This is a very important question, not lame at all. I would start by asking friends and family who may live in your area. Post a question on your Facebook wall or ask your coworkers. Personal experiences with people you know are probably the best way to choose your provider. I don't put much trust in the online sites that allow patients to rate their doctors anonymously. I find that mostly people with negative experiences tend to post reviews, which makes the ratings really skewed. If you have a family practice doctor or internist, you could ask him or her for recommendations. Finally, you could use your insurance provider website for suggestions.

My wife walks at least 6 miles/day and since we are trying to have a baby,i am worried that this could by anyway hurt the baby if she gets pregnant until we actually find out...

Asked by Chris over 3 years ago

As long as she is hydrating well and is conditioned to work out at this intensity, exercise should not interfere with a healthy pregnancy.

Hi, i am pregnant now. (20 weeks) I using vitamins and there is 1000 mcg of folic acid. It is ok or too much?

Asked by egle over 3 years ago

400 mcg of folic acid is the recommended dosage in pregnancy unless you have other underlying medical issues such as twins, use of certain anti-seizure medications or history of a baby with a neural tube defect.

I had my Mirena removed exactly8 days ago,we r ttc ,but i'm confused cuz i have discharges & i know it's normal,but the color of these discharges are sometimes bright red and most of the other times,can i get pregnant even tho of thess discharges?

Asked by Sarah B over 3 years ago

This forum is designed to ask questions about the experience of being a practicing obgyn. If you have personal medical concerns, you should contact your physician.

How much money does an OB/GYN make for performing an abortion (D&E)? How does this compare to other common procedures?

Asked by Big Sea about 3 years ago

I'm not able to answer this question because it varies so much by geography, where the procedure is performed (hospital vs outpatient setting), timing in pregnancy when it is performed. Roughly speaking however, one would make approximately the same amount as when performing a D&C for a miscarriage.

Is it really a must to wait a whole cycle after removing the iud to start trying to concieve?

Asked by Susan over 3 years ago

I do recommend waiting a cycle after an IUD is removed before trying to conceive so that the endometrium has time to normalize and recover from the presence of the IUD. Please contact your provider if you have additional concerns.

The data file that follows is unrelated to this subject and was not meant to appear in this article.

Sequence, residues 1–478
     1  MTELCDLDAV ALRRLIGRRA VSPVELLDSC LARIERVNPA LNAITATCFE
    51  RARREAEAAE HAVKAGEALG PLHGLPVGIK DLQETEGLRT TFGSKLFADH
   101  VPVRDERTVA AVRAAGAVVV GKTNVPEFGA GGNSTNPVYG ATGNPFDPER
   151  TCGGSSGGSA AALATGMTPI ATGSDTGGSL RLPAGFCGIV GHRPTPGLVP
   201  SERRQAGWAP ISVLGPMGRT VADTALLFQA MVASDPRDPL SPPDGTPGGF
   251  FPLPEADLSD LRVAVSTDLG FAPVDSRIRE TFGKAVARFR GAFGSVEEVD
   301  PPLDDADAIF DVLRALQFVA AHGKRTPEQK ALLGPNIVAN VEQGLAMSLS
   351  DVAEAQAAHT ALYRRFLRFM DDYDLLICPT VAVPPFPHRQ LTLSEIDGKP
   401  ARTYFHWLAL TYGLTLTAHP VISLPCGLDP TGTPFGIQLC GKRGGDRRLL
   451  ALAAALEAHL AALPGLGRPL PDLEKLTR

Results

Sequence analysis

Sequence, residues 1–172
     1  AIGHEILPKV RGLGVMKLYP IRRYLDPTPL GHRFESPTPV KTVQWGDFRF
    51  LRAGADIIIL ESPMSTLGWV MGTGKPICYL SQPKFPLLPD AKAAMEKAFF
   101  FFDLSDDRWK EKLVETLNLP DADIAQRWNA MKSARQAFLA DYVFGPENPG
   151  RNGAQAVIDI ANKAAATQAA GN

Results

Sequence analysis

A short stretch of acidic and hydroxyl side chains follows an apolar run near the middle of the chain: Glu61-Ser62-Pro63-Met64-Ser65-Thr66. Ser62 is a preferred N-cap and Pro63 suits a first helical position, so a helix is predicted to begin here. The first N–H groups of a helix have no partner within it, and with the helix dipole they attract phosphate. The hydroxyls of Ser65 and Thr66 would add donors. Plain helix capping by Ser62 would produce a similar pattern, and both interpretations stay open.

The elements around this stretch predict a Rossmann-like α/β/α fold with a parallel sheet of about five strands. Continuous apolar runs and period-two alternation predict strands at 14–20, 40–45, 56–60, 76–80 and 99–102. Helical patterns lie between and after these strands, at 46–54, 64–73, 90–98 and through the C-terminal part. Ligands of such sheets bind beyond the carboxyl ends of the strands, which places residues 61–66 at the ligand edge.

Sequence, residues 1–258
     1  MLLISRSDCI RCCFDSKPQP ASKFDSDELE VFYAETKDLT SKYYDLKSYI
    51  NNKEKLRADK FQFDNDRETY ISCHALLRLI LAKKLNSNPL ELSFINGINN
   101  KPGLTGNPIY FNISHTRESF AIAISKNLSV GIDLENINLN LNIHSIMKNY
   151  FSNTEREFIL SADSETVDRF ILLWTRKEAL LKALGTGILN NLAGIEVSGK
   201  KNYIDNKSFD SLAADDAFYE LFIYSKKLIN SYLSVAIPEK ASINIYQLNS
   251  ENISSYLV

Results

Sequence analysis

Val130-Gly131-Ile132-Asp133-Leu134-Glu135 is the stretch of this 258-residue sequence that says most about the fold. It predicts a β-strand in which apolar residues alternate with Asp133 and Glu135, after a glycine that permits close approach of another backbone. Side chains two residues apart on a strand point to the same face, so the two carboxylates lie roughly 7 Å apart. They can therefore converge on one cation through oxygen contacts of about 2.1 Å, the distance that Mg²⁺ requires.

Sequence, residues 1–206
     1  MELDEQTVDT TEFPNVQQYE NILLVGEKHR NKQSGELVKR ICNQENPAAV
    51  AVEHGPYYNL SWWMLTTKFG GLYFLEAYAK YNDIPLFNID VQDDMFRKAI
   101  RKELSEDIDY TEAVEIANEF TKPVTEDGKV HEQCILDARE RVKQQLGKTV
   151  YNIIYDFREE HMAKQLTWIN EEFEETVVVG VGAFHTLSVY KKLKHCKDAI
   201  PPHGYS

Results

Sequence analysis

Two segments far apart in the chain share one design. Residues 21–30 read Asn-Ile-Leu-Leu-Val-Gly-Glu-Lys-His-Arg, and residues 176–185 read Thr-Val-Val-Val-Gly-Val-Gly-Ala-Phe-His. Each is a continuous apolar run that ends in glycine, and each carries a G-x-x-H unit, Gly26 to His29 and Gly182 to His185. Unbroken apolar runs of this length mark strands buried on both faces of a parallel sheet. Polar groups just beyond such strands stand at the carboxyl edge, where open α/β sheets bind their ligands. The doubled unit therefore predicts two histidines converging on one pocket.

We spent 2 weeks in cuba with my wife and took the sun a lot. She was 8 weeks pregnant. She took a sun burn but took folic acid and wear sun screen. Her belly was sometimes very hot. We are worried now for brain development for the baby. Thanks

Asked by Jerome about 3 years ago

While hot tubs are not advised during pregnancy, radiant heat from the sun is not likely to be damaging to the fetus.

How can I get an ultrasound to diagnose a pregnancy with the pregnancy test being negative?from my research, It is becoming more common with being pregnancy with negative preg test. blood preg test number was 2, I know I am pregnant

Asked by maka about 3 years ago

I would recommend you wait a few days and then repeat a pregnancy test or call your physician and request a blood test for pregnancy. Ultrasound is not the first-line method to diagnose a pregnancy because you may not see the pregnancy until you are at least 6 weeks along.

That is the thing I am nearly 8 months along, I have had a blood pregnancy test done and the hcg number was 2. So that is why I need an ultrasound to diagnosed the pregnancy, but they don't do it unless a positive preg test.

Asked by maka about 3 years ago

You need to make an appointment with your physician.

Can it be possible that a baby was born oct. 04, 2010. Is made dec. 13,2009.... because after that day the next time i go to bed with a man is dec 30? Can you tell me if who was his father,, the 1st or the 2nd? He looked almost the same the 1st man

Asked by hopeful over 2 years ago

I don't have enough information to answer your question. You may be interested in paternity testing, which you could discuss with your pediatrician.

My doctor told me my baby had a EIF on his heart during ultra sound. Are the chances of down syndrome high? I had no quad screening done, but have 2 very healthy pregnancies before this one. Also i am 23yrs old

Asked by jenn about 3 years ago

An echogenic intracardiac focus does slightly increase the risk of a Down Syndrome baby. You should discuss this further with your physician. There are genetic tests that are available to you want more information.

I'm worried about my daughter who is a physician. Her 2nd pregnancy, 20 weeks, with increasing migraines. She had a cesarean last pregnancy 2 weeks early due to preeclampsia. She has gained 30 lbs from her previous 110 lb normal weight.

Asked by kateinla almost 3 years ago